28. Ghosts by Paul Auster It's the late 40's. Blue has learned the ropes of how to be a good detective from Brown, now retired. White hires Blue, over the phone, to trail a man named Black. He's rented the apartment across the street from Black, and supplied it with all Blue needs to surveil Black indefinitely - without explaining why. Blue accepts the easy, paying job. Blue calls his sweetheart and warns her he's going undercover, and moves into the apartment and begins the process of watching Black. The less Black does - and he does very little - the deeper Blue slips into obsession.

The entire novel is a sort of metaphor, as clarified by the third in the trilogy.

29. The Locked Room by Paul Auster A "locked room" mystery is usually a classic sort of murder mystery in which a body is found in a locked room (think Poe, Christie or Conan Doyle, why yes, I did take a course in Detective Fiction, why do you ask?), but in this case, and in this context, it is, of course, about a book, or several. Our unnamed protagonist, a writer and critic, receives a letter from a childhood friend named Fanshawe with whom he has lost touch. He soon learns that Fanshawe has disappeared, leaving a trove of unpublished novels, letters, and stories, and a young, beautiful wife and child. He is enlisted to help get the undiscovered literary genius Fanshawe published, but soon he falls into his role - husband and father in his small family. Despite some unresolved jealously of Fanshawe, and the reality of being suspected of being Fanshawe and merely pretending to be his childhood friend, life is good in a loving relationship and with a steady source of income from editing and publishing Fanshawe, until Fanshawe writes our protagonist a letter. Fanshawe is distinctly not dead, nor ignorant of our protagonist's new role, and in fact, appears to have orchestrated it all. Our protagonist is left fearful of confessing this to his wife, and feeling like a puppet. Our protagonist needs to hunt down Fanshawe.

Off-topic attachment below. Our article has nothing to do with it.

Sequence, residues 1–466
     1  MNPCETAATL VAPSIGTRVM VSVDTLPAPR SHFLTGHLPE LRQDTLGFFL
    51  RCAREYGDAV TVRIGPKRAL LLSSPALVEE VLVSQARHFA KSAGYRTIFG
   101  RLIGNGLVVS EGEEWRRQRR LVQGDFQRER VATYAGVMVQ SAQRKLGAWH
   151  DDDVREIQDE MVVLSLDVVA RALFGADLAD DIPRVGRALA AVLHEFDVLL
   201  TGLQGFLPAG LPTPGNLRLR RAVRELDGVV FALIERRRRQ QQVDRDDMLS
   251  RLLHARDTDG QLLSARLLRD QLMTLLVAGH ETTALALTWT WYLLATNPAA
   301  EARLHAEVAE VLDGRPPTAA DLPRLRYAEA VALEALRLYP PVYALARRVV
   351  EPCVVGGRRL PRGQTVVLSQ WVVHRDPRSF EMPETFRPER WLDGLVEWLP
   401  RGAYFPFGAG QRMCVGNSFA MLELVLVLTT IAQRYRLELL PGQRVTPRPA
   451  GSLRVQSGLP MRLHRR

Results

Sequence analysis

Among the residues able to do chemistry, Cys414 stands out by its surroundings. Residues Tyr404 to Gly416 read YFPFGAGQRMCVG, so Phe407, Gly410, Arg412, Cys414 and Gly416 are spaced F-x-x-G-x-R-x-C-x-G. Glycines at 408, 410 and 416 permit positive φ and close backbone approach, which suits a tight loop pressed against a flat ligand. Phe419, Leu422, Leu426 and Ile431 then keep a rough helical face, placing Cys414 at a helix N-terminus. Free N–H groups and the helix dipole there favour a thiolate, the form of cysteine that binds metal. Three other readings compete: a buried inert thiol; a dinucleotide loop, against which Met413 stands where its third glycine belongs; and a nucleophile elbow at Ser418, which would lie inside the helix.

Of the three, the first in the Trilogy is the most compelling, and the most able to stand on its own, but by the end of the third, the view of the over-arching structure of the entire trilogy is breath-taking.

{Series so far: books read, more books read, books read, books read continues, more books read, I, II, III, IV, V, VI, VII, VIII, IX, X, XI, XII, XIII, XIV, XV, XVI, XVII, XVIII,XIX, XX, XXI, XXII, XXIII XXIV, XXV, XXVI, XXVII, XXVIII, XXIX, XXX, XXXI, XXXII, XXXIII, XXXIV, XXXV, XXXVI, XXXVII, XXXVIII, XXXIX}